Thursday, August 12, 2010

Three Quick Tips to Get Your Content Liked, Retweeted, and Ripped Off

Tweets are racing by us. New web pages are filling the web like space debris. Even your grandmother has a blog.

How do we get our content noticed?

Here are 3 quick steps to help you reach (and increase) your audience.

1. Start with a list of SEO words
Remember those grammar exercises in school where you needed to use key words in a sentence? Having a list of SEO (search engine optimization) words is like a vocabulary list with power to pull more readers.

Consider your list of SEO words as one metric to defining success for the content. If you don’t see those key words in your content, your content is guaranteed to reach fewer new readers – an especially important consideration when you’re trying to build a regular audience.

Check out this great post from the #1 position search result for "SEO blog" on Yahoo! and the #2 result on Google. Rand Fishkin explains how SEO is like baking chocolate chip cookies.

2. Twitter Size Your Content
You can convey a lot of information in 20-30 words, which is about the equivalent of Twitter’s 140-character limit. Remember, Twitter is content, (consider VeryShortStory’s entries on Twitter). Accordingly "Twitter-size" your content.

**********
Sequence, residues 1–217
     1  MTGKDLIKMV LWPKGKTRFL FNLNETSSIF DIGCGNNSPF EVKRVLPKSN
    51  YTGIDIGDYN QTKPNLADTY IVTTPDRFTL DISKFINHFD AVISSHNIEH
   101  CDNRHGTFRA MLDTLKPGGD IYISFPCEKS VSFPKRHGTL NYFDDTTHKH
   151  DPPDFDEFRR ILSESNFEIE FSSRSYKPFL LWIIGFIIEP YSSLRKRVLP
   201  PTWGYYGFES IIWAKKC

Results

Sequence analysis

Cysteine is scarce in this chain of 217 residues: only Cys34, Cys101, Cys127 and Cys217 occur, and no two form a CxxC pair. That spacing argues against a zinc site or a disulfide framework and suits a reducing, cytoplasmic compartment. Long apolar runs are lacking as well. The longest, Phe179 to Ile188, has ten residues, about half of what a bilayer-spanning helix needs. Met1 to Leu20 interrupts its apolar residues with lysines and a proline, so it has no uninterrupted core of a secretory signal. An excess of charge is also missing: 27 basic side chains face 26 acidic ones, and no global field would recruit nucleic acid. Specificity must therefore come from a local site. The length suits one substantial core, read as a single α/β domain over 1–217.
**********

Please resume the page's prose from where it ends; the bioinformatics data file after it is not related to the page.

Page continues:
• Paragraphs: no more than 3 sentences per paragraph.

  • Sentences: Less than 10 words per sentence.

  • Words: Use shorter words where possible. (Notice I didn’t say “utilize” instead of “use”?)
Sounds tough, doesn’t it? Consider some of the following examples of Twitter-friendly sentiments that express strong, clear ideas in less than 140 characters:

  • I only regret that I have but one life to lose for my country. #nathanhale 62 characters
  • You ask, what is our aim? I can answer in one word. It is victory. Victory at all costs. #winstonchurchill 87 characters
  • Hear me, my Chiefs! I am tired; my heart is sick and sad. From where the sun now stands I will fight no more forever. #chiefjoseph 117 characters
  • Nuts! #generaltonymcauliffe 5 characters
Can you think of other good examples of Twitter-friendly but powerful quotes? Add them in the comments!

3. Include a reader benefit statement
What’s in it for the reader? Why should they keep reading or click through – let alone make a purchasing decision? The title of your blog, your web page, and your entire Twitter entry needs to give your audience a reason to break a sweat by clicking through.

Why did you click through to this article? Let me know in the comments.

Check out this advice from pro copywriter Joe Robson about the importance of AIDA – no, not the opera.

By making sure you’re incorporating these 3 simple steps into your content development process, you’re going to see increased site traffic and overall audience satisfaction.

Thanks to for the retweet symbol.

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